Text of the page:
Harsh security law in Malaysia

Kuala Lumpur, Aug 1 (IANS) A controversial security law which came into force on Monday in Malaysia will give sweeping security powers to the government and possibly restrict civil liberties, rights groups fear.

The new legislation, establishing a National Security Council under direct control of Prime Minister Najib Razak, went into effect amid accusations that the Southeast Asian nation’s leader had embezzled millions of dollars from a state-run development fund in past years.

Activists claimed that the law could also be used to silence political opposition, Sputnik News reported.

The law allows the country’s Prime Minister to designate “security areas” where the forces deployed can search people, vehicles and buildings without a warrant, EFE news reported.

It also allows the imposition of curfew and detention of suspects without any charges.

Najib defended the law last week saying it was necessary due to the current security threats, including jihadi terrorism, in the country.

However, international organisations, including the UN office for Southeast Asia, and human rights groups warn about the perils of the new law.

Amnesty International has urged the government to repeal the law, after it was cleared by both houses of the Malaysian parliament last December, saying it placed extraordinary and potentially abusive powers in the hands of the National Security Council.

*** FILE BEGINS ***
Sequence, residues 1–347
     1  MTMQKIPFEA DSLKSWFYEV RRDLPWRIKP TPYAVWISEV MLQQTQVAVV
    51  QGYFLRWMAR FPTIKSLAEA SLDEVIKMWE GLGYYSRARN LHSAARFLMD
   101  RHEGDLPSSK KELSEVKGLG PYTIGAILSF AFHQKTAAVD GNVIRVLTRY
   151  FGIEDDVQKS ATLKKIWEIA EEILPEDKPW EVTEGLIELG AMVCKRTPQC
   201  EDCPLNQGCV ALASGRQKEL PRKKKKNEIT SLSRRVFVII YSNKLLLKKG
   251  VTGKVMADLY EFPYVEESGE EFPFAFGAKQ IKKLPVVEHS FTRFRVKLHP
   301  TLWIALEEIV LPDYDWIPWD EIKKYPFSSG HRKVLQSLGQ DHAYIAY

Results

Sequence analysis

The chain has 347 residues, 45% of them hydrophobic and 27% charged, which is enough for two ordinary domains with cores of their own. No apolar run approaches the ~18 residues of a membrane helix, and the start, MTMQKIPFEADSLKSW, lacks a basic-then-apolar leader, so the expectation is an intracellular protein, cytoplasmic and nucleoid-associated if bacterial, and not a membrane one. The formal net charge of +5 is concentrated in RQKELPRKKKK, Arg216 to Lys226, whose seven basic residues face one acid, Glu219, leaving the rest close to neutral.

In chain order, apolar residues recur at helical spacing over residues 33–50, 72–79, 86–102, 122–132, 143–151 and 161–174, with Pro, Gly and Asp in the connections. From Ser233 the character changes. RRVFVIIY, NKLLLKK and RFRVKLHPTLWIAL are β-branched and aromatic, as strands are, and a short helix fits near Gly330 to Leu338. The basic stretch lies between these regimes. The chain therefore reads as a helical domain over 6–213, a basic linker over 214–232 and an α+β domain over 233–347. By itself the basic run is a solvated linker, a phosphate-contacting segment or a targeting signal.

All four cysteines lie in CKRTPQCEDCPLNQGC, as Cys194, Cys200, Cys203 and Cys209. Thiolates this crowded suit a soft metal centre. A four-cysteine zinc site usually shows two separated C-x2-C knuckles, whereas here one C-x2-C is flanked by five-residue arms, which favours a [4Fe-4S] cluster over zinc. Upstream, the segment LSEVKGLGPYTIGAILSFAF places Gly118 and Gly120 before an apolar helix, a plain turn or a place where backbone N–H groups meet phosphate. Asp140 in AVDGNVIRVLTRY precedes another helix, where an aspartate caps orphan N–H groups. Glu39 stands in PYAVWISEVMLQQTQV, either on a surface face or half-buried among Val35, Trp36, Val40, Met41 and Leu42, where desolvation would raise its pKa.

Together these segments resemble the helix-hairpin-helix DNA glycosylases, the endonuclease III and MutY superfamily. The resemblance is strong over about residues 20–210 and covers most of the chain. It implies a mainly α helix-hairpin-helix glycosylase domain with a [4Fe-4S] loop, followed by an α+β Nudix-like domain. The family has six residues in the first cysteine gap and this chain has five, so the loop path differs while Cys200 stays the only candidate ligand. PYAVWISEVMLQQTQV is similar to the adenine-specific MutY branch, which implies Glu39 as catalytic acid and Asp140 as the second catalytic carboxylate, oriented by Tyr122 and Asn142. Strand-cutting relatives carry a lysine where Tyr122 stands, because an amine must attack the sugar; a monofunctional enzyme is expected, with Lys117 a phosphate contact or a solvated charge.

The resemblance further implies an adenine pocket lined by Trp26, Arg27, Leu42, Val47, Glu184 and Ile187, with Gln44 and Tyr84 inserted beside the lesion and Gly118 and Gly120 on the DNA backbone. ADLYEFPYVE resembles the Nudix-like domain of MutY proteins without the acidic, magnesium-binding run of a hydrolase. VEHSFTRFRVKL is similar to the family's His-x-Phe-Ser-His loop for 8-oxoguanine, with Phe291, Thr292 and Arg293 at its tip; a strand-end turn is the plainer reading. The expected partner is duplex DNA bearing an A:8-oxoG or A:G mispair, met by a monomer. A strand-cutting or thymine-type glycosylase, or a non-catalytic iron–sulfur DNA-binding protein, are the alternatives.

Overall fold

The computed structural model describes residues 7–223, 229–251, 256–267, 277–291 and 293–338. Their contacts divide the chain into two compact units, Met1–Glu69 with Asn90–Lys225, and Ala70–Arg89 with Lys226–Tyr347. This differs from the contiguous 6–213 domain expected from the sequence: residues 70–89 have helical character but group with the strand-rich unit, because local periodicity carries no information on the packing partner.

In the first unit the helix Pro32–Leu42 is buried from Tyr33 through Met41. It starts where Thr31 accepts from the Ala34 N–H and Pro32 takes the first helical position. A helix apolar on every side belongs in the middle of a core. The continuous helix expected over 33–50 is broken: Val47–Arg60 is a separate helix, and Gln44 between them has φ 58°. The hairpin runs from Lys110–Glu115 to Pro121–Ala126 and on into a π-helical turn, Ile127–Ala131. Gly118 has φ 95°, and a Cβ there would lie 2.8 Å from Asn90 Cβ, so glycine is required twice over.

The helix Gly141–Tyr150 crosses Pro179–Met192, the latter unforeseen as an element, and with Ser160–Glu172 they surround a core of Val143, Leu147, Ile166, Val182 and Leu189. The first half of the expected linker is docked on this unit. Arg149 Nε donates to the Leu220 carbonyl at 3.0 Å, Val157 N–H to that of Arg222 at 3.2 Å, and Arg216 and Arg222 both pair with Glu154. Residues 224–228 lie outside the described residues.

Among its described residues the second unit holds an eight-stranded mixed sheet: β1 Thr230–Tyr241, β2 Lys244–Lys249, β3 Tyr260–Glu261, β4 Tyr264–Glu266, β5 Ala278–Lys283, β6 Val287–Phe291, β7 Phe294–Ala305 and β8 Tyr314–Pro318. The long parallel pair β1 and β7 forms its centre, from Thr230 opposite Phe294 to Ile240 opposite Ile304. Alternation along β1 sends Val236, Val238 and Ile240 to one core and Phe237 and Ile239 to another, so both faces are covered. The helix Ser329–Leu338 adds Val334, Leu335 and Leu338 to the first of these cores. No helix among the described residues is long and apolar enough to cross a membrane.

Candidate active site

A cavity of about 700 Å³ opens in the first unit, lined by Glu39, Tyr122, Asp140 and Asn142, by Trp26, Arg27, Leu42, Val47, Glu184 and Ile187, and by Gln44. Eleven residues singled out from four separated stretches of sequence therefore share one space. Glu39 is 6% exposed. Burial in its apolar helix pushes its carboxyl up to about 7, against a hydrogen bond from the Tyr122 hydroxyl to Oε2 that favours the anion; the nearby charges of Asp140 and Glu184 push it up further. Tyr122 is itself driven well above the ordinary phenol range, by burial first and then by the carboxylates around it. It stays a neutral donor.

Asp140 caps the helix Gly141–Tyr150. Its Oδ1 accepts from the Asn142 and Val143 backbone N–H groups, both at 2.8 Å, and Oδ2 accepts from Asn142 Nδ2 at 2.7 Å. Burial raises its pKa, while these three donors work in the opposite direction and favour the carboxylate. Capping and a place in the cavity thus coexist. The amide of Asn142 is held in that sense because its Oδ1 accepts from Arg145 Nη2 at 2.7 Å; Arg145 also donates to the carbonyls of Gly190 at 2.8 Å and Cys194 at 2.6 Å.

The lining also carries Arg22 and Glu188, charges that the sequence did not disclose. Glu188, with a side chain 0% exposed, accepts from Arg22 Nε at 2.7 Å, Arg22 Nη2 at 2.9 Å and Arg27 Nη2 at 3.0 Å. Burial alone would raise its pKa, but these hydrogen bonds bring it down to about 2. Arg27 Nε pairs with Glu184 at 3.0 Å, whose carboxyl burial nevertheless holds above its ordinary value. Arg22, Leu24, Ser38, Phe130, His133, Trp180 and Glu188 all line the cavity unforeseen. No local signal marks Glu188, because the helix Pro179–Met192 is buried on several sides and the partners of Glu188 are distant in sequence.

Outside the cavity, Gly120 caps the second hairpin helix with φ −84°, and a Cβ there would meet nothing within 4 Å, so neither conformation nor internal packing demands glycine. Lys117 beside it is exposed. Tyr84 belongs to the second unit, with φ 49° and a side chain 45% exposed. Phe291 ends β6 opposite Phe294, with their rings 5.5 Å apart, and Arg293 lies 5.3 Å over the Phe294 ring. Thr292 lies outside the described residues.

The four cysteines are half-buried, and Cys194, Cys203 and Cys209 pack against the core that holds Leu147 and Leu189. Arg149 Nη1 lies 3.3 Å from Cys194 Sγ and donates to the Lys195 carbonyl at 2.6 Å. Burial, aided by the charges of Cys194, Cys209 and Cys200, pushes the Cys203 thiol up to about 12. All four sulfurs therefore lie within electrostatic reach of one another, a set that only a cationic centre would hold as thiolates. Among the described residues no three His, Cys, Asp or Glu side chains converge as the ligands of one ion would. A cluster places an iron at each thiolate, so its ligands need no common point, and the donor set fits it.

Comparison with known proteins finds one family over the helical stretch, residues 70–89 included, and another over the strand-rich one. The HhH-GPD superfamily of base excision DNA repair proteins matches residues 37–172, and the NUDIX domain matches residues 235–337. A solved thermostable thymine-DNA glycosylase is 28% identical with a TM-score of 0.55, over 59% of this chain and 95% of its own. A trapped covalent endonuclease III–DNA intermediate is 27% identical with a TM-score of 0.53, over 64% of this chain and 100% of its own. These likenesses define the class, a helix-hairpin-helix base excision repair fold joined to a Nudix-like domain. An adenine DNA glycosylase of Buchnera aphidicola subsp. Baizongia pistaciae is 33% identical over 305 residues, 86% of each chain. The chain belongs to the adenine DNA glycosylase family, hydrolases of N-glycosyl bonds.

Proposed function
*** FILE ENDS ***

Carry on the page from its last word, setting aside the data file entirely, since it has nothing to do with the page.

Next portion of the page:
“With this new law, the government now has spurned checks and assumed potentially abusive powers,” Amnesty International (AI) deputy director for South East Asia and the Pacific, Josef Benedict, said in a statement.

AI recalled that Najib’s government has often invoked laws for national security to stifle peaceful dissidence.

“The Najib government is increasingly resorting to repressive new laws that are said to protect national security but in practice imperil human rights,” Benedict said.

Laurent Meillan, regional representative of the UN Human Rights Office for South-East Asia, last Friday said she was concerned that these provisions could “encourage human rights violations” and be used to restrict freedom of expression.



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